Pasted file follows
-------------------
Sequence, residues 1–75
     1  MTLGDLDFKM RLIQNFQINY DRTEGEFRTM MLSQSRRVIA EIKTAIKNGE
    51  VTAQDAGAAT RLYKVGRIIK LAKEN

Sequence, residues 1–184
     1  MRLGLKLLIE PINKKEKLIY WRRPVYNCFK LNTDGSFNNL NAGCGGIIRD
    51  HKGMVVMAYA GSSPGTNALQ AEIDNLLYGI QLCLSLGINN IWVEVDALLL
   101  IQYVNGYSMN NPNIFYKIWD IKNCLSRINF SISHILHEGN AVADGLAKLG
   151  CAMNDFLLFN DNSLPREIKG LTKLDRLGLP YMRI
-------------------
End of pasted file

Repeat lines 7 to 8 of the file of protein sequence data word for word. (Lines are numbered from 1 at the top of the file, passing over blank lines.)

   101  IQYVNGYSMN NPNIFYKIWD IKNCLSRINF SISHILHEGN AVADGLAKLG
   151  CAMNDFLLFN DNSLPREIKG LTKLDRLGLP YMRI